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The NFL Tackled Homeland Security and Scored a Touchdown

LatinaLista — If Homeland Security had had their way, in addition to watching Super Bowl commercials of men pulling out their chest hairs after eating a Snickers bar, we would have been subject to watching a recruitment ad for the U.S. Border Patrol.

That in itself may not have been bad but the content of the ad was disturbing enough for the NFL to throw a flag at this powerplay.

It seemed that the ad Homeland Security wanted to broadcast contained such phrases as
“the right men and women to help protect America’s southwest borders.” It listed the duties as preventing “the entry of terrorists and their weapons,” blocking “unlawful entry of undocumented aliens” and “stopping drug smuggling.”

The people in Washington, and obviously the ad agencies, don’t understand that though yes, undocumented immigrants cross the southern border and drug cartels are active, there exists and has always existed a positive and brotherly exchange between towns and cities along the southern border – it even reaches up into Middle America.

For example, though soccer is the “football” of Latin America, many of our southern neighbors have adopted US football teams into their hearts. In Monterrey, Mexico, there is estimated to be 1,500 season ticket holders for the Dallas Cowboys.

The NFL has said they didn’t want to air the commercials because they didn’t want to get entangled into the immigration debate. They even offered Homeland Security the opportunity to run a generic ad that didn’t mention the border specifically.

Homeland Security officials counter by saying that the NFL didn’t want to air it because they didn’t want to risk angering the rising fan base south of the border.

“The NFL missed a golden opportunity to reach countless patriotic citizens who want to answer the call to help prevent another terrorist attack on American soil,” said T.J. Bonner, president of the National Border Patrol Council, the union that represents the agency’s nonsupervisory personnel.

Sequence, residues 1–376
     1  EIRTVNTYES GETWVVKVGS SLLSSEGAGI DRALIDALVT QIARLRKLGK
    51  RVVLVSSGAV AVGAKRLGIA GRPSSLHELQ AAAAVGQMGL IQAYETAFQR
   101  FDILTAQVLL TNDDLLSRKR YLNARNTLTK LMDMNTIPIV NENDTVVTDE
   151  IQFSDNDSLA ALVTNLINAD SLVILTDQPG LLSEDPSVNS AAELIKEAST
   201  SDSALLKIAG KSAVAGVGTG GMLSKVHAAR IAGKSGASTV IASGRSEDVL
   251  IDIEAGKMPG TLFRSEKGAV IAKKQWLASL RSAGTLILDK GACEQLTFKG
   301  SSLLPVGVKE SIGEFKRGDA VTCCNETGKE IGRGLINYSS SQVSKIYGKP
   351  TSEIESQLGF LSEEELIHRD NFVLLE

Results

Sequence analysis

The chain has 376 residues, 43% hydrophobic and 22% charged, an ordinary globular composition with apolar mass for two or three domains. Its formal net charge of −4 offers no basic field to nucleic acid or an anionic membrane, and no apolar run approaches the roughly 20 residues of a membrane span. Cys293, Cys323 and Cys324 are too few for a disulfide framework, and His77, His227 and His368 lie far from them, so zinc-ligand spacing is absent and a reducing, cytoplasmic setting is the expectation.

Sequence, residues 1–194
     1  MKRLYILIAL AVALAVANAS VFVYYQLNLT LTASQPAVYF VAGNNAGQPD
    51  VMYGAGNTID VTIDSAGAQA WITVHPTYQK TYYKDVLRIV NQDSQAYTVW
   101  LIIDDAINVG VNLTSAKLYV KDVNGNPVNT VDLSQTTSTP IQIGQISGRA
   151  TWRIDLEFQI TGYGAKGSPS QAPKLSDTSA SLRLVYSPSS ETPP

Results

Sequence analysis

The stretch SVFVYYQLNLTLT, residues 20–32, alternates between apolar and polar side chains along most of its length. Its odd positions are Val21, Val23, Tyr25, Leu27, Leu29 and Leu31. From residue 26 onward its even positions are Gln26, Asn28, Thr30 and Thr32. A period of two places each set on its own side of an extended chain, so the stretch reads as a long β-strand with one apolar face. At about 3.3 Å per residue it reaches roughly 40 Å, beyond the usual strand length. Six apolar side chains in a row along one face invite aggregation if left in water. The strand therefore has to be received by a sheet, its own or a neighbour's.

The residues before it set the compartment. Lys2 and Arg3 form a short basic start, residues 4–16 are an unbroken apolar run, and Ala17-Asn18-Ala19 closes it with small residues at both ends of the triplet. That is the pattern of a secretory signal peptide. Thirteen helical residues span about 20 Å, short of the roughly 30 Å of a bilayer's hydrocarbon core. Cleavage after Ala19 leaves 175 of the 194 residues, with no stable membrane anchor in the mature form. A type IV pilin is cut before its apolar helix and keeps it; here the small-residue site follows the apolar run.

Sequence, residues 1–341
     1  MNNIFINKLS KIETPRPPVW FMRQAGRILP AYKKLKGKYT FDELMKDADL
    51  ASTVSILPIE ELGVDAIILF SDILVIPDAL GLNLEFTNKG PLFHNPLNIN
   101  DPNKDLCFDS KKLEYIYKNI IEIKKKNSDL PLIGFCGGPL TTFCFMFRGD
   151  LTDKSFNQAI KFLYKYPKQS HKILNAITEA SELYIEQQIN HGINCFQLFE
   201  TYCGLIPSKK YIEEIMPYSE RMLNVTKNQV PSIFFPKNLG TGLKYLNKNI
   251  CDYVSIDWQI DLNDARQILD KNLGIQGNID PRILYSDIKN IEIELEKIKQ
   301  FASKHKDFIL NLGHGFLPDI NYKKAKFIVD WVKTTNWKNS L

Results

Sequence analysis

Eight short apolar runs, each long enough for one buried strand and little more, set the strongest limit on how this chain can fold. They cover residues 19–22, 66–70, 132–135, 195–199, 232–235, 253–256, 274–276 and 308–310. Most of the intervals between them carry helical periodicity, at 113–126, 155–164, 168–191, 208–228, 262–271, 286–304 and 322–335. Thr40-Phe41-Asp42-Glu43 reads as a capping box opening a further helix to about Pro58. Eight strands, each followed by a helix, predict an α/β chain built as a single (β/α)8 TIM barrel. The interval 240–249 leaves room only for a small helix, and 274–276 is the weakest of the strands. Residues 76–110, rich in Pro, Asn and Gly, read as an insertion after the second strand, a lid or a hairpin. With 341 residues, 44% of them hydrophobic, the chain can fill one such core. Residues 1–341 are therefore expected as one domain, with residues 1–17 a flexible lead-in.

Yet, who said (Al Queda) terrorists are coming in from our southern border?

If the ad only mentions the southern border, then the NFL was correct in rejecting it.

The Border Patrol is supposed to patrol all of our borders. Who knows how many “terrorists” or undocumented immigrants or drugs have passed over our northern border with Canada.

Any recruitment ad for the Border Patrol should be encompassing of all of this country’s borders. To focus only on the southern border with all the implications advertised in the ad, is, of course, offensive – especially when there are so many eyeballs glued to the small screen that night.

Nationally, the game was the second most-watched Super Bowl ever and the third most watched national television program in history.

It says something when this country’s businesses/organizations have to step in and exhibit the kind of restraint and diplomacy when it comes to communicating with our global neighbors that should be the priority conduct of any government administration who needs foreign cooperation to achieve success with their foreign policy.

For an organization that has created one of this country’s most violent sports, they showed remarkable sensitivity in their judgement for not airing the Border Patrol commercials – regardless of their motives.

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